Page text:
Angels setup man Fernando Rodney isn’t getting any closer to returning to the major leagues.
According to Mike DiGiovanna of the Los Angeles Times, the rehabbing reliever has been shut down indefinitely due to ongoing discomfort in his back.
Rodney was placed on the 15-day disabled list in early June with an upper-back strain. He was cleared last week to begin a throwing program but had to skip his latest workout after feeling renewed pain and there’s no timetable for him to return to the mound.
Rodney had a 4.09 ERA, 18/15 K/BB ratio and 1.41 WHIP in 22 innings before landing on the disabled list. He’ll be sidelined now until at least late July.
For a few days, it looked like Aaron Judge was finally hitting his stride in the postseason. He was still striking out at a regular clip, piling more and more strikeouts atop the 16 he racked up in the Division Series, but he was mashing, too. He engineered a three-run homer during Game 3 of the Championship Series, followed by another blast and game-tying double in Game 4. His one-out double helped pad a five-run lead in Game 5, while his 425-footer off of Brad Peacock barely made a dent during a 7-1 loss in Game 6. And then Lance McCullers‘ curveball found and fooled him, as it did five of the 14 batters it met in Game 7:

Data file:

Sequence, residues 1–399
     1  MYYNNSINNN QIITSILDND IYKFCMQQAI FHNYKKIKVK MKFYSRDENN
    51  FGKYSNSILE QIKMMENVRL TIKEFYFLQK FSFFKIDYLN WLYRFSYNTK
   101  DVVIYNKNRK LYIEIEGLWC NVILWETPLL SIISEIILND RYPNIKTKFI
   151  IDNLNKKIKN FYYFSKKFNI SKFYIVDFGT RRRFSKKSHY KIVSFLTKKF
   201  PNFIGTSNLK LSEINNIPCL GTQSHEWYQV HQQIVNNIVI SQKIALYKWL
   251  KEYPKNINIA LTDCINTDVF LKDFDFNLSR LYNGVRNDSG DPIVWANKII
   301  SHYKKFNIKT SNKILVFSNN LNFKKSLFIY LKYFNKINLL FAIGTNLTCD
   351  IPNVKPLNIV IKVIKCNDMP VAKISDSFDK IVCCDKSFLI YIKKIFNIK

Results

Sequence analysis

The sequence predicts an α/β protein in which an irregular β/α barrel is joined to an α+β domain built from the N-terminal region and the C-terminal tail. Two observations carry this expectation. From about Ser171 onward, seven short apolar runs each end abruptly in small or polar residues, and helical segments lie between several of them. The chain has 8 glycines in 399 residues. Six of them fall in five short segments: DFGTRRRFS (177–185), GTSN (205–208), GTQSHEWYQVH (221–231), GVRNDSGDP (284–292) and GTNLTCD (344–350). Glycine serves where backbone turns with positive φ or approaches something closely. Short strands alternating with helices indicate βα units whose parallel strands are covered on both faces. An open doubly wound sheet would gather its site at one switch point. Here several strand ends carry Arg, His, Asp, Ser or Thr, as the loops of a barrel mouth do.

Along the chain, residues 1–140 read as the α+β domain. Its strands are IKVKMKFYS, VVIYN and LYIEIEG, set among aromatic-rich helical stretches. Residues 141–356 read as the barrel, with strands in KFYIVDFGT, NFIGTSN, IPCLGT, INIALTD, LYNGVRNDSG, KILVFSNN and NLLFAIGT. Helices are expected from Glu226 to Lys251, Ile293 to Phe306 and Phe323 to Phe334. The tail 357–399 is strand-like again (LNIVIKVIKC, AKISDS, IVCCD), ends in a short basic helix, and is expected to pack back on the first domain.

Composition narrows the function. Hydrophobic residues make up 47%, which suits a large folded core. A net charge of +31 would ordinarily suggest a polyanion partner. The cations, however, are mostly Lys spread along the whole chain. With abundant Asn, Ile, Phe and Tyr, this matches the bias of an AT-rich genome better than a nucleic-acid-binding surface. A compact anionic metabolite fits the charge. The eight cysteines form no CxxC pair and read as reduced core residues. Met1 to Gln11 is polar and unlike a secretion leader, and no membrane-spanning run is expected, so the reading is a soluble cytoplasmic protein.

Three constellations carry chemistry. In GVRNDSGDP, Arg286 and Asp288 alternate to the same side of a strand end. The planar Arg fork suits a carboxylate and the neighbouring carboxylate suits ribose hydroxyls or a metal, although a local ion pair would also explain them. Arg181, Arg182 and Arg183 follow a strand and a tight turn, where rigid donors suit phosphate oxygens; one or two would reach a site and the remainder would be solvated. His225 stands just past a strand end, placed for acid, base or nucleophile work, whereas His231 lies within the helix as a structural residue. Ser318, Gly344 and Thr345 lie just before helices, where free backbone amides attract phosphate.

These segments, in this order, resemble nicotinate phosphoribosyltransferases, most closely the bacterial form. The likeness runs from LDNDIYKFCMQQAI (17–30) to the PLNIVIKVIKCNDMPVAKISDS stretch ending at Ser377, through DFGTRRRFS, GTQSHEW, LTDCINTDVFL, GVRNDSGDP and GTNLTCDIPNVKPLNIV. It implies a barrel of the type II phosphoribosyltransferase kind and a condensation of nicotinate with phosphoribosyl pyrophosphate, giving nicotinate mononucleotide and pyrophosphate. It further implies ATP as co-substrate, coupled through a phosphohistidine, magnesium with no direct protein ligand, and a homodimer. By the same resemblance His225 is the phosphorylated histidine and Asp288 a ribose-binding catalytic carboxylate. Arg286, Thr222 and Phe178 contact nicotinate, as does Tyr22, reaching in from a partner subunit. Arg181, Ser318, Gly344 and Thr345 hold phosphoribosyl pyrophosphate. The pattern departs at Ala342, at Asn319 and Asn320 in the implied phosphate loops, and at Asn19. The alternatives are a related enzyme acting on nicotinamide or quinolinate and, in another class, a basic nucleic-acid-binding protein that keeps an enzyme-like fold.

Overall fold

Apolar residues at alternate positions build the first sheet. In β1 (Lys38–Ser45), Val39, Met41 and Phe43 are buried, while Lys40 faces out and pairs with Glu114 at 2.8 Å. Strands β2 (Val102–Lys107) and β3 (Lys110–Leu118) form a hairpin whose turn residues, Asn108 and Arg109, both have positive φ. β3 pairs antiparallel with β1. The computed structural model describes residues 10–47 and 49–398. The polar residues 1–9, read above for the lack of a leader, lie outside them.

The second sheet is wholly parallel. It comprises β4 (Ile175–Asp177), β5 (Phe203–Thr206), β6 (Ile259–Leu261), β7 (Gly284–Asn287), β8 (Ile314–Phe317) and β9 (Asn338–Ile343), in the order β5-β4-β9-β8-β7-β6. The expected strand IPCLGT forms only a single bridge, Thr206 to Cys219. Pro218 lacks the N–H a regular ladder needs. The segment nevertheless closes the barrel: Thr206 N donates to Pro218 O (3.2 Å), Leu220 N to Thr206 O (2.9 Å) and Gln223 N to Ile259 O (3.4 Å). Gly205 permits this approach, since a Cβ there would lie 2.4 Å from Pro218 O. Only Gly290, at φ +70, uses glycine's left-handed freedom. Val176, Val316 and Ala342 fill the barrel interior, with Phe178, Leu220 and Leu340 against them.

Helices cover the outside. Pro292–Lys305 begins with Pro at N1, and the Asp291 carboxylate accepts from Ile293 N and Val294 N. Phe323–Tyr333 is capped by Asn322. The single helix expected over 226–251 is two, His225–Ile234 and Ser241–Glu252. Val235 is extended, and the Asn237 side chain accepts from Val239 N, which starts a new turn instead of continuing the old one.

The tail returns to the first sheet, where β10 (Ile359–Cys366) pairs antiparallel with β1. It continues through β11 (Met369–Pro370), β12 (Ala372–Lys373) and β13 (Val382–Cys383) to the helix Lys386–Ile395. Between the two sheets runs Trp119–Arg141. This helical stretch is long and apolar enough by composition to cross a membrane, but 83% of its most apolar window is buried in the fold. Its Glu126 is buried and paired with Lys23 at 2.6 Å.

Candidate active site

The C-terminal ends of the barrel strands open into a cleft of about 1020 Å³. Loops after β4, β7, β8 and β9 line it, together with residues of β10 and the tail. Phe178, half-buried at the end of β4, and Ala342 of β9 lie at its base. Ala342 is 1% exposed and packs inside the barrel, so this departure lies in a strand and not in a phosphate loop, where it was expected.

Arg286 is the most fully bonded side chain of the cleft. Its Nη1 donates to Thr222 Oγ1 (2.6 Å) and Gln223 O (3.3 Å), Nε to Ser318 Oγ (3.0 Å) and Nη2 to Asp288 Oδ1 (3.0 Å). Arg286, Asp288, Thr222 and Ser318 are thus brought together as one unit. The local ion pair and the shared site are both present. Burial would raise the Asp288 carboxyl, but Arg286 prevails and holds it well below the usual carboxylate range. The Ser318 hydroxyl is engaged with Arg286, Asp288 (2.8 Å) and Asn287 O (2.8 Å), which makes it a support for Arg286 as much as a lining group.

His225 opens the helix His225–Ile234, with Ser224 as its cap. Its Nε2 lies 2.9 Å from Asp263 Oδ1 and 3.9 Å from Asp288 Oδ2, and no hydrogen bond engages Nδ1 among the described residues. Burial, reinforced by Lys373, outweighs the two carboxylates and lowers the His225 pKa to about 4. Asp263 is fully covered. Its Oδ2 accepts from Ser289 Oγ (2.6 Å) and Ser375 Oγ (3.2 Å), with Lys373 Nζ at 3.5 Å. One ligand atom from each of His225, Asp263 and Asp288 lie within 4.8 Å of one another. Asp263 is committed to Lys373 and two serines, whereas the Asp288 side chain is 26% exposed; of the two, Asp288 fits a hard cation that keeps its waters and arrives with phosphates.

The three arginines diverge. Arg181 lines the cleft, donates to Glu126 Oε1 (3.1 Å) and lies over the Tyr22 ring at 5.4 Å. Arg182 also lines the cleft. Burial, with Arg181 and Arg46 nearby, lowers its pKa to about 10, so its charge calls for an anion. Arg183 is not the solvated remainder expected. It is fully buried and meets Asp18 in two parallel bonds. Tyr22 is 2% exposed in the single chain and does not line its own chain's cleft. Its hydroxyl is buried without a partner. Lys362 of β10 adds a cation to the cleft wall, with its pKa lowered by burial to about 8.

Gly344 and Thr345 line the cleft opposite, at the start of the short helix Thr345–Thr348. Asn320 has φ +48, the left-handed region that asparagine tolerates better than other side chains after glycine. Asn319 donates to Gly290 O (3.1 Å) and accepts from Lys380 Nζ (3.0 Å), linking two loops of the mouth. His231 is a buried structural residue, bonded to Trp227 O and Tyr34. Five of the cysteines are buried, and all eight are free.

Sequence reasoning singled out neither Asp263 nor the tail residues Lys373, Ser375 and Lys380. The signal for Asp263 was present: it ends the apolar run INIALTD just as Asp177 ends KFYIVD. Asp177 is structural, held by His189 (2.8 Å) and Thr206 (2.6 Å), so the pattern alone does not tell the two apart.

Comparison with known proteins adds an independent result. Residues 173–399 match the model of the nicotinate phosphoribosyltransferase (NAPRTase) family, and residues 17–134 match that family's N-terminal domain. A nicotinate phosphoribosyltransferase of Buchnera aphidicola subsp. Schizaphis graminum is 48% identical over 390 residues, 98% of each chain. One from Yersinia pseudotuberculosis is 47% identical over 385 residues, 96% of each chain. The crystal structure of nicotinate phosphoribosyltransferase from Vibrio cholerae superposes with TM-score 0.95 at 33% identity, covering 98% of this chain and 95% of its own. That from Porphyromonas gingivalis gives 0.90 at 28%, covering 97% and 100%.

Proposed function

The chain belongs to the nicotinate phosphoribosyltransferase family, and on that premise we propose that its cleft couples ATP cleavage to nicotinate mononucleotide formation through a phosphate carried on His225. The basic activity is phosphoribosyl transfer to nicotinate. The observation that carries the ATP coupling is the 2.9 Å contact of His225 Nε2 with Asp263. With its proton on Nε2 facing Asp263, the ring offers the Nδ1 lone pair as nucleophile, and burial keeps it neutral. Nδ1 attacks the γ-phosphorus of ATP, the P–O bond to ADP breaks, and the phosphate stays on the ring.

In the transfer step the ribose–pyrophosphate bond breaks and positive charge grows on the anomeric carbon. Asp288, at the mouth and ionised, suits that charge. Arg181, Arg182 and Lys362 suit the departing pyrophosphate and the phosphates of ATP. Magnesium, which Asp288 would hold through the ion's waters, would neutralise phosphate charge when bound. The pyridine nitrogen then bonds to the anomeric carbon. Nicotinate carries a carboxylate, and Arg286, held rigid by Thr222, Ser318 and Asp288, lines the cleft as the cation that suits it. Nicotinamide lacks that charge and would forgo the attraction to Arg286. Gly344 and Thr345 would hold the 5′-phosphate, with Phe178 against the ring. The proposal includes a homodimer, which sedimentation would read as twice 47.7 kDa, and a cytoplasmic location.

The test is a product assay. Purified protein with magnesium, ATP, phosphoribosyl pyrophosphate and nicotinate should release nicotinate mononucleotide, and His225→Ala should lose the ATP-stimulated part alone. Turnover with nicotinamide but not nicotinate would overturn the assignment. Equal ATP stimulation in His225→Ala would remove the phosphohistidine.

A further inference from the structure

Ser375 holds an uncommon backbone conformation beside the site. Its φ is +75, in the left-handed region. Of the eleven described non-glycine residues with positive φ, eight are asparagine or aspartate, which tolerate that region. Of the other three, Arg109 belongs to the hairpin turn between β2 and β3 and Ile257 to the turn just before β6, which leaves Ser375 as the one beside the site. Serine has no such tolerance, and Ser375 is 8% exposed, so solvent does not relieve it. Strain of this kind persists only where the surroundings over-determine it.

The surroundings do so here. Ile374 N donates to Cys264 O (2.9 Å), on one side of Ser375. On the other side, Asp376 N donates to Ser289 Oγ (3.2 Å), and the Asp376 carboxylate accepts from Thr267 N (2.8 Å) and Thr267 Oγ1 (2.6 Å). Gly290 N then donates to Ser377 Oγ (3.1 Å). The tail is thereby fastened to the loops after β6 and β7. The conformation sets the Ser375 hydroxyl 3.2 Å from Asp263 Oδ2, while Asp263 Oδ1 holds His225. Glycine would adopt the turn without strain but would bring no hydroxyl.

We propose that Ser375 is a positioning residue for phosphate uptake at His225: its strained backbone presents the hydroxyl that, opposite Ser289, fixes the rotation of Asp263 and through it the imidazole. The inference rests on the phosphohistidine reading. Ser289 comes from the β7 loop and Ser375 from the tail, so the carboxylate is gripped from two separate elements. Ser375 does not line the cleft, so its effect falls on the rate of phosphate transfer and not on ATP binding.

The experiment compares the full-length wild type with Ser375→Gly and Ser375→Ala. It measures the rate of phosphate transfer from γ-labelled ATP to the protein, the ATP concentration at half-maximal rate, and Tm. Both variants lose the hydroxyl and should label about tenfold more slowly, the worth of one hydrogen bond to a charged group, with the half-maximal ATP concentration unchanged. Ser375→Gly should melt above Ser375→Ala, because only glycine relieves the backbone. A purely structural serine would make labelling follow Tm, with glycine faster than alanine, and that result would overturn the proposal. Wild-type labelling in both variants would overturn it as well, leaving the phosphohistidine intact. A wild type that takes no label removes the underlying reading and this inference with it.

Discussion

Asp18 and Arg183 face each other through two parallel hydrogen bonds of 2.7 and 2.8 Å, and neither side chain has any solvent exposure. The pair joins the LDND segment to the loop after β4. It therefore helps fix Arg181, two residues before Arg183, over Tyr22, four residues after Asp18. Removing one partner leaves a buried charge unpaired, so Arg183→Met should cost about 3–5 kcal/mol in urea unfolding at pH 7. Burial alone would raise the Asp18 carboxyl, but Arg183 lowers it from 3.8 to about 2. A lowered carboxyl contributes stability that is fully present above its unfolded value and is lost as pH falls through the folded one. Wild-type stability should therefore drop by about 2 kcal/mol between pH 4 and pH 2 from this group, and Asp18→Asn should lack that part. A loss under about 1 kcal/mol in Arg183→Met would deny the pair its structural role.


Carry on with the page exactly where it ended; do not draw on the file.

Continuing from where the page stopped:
The strikeout was Judge’s first of the evening and 27th since the start of the playoffs. No other major league batter has racked up that many strikeouts in a single postseason, though Alfonso Soriano’s 26-strikeout record in 2003 comes the closest. Within that record, Judge also collected three golden sombreros (four strikeouts in a single game), narrowly avoiding the dreaded platinum sombrero (five strikeouts in a single game).
It’s an unfortunate footnote to a spectacular year for the rookie outfielder, who decimated the competition with 52 home runs and 8.2 fWAR during the regular season and was a pivotal part of the Yankees’ playoff run. Thankfully, the image of McCullers’ curveball darting just under Judge’s bat won’t be the image that sticks with us for years to come. Instead, it’ll look something like this: